Motoring: Peugeot hits the spot with its new supermini

The new British-built Peugeot 206 is a car whose time has come.

Here is a new British supermini, to join the Ford Fiesta, the Rover 200 and the Nissan Micra. Well, British-built anyway, which is as good as we can do as our design and manufacturing momentum dissolves into the global melting-pot. Just three days ago, as I write this, the first UK-made Peugeot 206 rolled off the production line at the one-time Rootes Group factory at Ryton-on-Dunsmore, Coventry, a three-door version resplendent in metallic blue.

But never mind where it comes from. What matters is whether the Peugeot 206 is a good car. It's a late car, no doubt about that. Something like it should probably have been launched five years ago, as the Peugeot 205 started its sales and desirability decline. Of course, it's easy to harp on about the 205, the car that gave Peugeot a new direction, the crisply- styled supermini that was such a success that Peugeot didn't know how to replace it so elected not to do so. I should know, because I have one myself.

Anyway, back to the 206. It is Renault Clio-sized, which makes it usefully larger than the Peugeot 106. It goes on sale on 5 November, and it will cost as little as pounds 8,495 or as much as pounds 11,295, depending on the variant. And the styling is a whole new departure for Peugeot.

The new look is the work of Murat Gunak, who came from Mercedes (the four round headlamps of the E-class and the CLK are his mark) and who now, having overseen the 206 and upcoming 606, has returned there. Most previous Peugeots have had a hint of Pininfarina in their body design, clean and crisp and cleverly elegant, but this one is chunky and cuddly and a little contrived. There's a cartoon version of the Peugeot "face" - it's supposed to have a feline look, to go with the lion motif - and a curious bulge flows from the front wing into the door mirror.

As with the 205 (still made for the French home market, incidentally), there's a choice of three or five doors. There will also be a GTI version early next year, with a 2.0-litre, 138bhp engine, but compared to its hot-hatch-defining predecessor it will be more the refined grand tourer and less the hard-edged road rocket. The 106 GTI does the latter job, and it, too, continues in production. For now, the 206 comes as a 1.1, a 1.4 or a 1.6, or alternatively a 1.9-litre diesel. A 2.0-litre, direct- injection, "common-rail" turbodiesel, with 90bhp and a hefty 155lb ft of torque, comes at the same time as the GTI.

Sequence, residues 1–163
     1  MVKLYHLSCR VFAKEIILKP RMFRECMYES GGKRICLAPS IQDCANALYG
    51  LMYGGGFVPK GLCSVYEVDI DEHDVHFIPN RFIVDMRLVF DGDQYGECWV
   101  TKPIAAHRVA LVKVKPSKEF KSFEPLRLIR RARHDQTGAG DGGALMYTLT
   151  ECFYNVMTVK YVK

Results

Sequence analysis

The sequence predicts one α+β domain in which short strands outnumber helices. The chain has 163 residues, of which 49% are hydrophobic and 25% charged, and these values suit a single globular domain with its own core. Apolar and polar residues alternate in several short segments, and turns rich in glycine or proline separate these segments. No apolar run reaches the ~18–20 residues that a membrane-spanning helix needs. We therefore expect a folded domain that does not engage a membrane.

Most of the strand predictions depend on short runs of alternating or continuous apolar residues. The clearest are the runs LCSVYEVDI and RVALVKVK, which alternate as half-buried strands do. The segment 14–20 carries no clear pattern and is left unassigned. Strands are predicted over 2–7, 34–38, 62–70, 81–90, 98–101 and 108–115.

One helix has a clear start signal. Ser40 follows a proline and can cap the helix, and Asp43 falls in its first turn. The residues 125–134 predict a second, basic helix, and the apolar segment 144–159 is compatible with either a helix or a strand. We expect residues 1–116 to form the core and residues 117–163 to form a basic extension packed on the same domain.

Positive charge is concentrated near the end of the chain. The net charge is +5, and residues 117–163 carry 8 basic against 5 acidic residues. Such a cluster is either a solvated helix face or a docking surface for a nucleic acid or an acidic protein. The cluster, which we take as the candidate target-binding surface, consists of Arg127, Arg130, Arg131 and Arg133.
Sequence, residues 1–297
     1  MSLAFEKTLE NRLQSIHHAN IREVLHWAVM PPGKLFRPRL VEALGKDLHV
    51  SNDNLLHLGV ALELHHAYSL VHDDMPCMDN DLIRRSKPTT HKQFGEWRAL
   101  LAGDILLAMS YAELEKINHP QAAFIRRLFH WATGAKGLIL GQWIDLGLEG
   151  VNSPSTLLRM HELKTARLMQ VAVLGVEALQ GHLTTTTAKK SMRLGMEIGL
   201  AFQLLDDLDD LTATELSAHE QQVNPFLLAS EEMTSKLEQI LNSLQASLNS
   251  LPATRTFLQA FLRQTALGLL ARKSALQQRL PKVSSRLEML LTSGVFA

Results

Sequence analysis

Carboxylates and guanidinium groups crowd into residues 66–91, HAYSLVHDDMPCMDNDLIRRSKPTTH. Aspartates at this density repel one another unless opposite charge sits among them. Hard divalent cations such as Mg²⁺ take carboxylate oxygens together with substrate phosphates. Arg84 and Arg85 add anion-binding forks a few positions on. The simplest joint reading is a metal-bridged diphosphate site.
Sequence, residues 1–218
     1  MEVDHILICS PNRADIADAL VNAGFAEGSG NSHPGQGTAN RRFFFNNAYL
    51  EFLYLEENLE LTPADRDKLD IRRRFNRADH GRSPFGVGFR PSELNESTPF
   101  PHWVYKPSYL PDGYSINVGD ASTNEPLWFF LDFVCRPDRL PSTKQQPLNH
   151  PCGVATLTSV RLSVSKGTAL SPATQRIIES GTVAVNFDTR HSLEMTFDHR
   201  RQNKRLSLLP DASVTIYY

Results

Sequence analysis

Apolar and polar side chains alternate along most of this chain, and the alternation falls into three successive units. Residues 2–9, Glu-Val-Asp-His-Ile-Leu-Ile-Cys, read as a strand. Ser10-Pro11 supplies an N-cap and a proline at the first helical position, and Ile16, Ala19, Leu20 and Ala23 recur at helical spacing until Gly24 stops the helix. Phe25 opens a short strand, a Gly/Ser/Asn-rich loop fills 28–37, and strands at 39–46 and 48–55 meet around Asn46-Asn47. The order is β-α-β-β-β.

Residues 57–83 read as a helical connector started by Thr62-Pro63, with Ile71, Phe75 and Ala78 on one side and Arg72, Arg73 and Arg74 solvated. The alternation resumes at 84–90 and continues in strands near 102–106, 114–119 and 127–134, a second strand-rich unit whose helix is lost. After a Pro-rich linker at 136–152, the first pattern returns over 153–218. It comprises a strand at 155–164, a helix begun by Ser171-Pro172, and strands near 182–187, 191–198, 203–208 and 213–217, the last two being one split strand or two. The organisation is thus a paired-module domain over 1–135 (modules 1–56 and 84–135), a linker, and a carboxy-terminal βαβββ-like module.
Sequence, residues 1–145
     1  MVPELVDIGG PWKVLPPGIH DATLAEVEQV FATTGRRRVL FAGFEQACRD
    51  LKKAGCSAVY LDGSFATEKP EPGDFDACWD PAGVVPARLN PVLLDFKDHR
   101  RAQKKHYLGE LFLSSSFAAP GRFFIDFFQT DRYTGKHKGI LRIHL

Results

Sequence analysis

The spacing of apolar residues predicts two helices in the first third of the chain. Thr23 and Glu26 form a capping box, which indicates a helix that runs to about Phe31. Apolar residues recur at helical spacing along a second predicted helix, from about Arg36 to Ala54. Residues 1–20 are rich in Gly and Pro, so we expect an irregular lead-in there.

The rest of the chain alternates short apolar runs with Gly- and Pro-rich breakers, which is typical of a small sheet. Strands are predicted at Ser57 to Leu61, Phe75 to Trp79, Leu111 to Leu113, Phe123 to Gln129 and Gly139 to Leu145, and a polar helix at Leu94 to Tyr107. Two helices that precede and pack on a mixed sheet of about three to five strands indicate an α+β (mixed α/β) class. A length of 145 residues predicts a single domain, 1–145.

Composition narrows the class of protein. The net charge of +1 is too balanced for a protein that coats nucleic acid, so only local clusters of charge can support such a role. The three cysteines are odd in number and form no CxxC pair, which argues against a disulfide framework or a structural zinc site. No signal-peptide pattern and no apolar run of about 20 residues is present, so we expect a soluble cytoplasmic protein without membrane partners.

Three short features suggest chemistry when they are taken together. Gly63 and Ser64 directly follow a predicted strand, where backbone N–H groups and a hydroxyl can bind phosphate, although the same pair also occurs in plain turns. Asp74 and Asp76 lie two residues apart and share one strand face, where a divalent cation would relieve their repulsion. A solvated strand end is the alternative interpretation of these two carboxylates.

Inside, the 206 is rather good. It is roomier than its rivals, and the facia is especially neat. The optional (and switchable-off) passenger airbag is undetectably integrated into the facia's padded roll, with a storage recess behind it, and the glovebox is trimmed in seat fabric. Another clever piece of design concerns the front passenger seat, whose backrest folds forward and flat to make room for long loads, and whose cushion flips up to reveal a storage tray beneath.

LX models and above can have either an electric sunroof or air-conditioning for the same price, while the top GLX version (less cheesily, it is called XT in France) has the option of a satellite-navigation system built into the top of the dashboard, a first in this size of car and relatively cheap, too, at pounds 800. You can't, however, do anything about the coarse leather- grain look that's embossed on the acreage of interior plastics.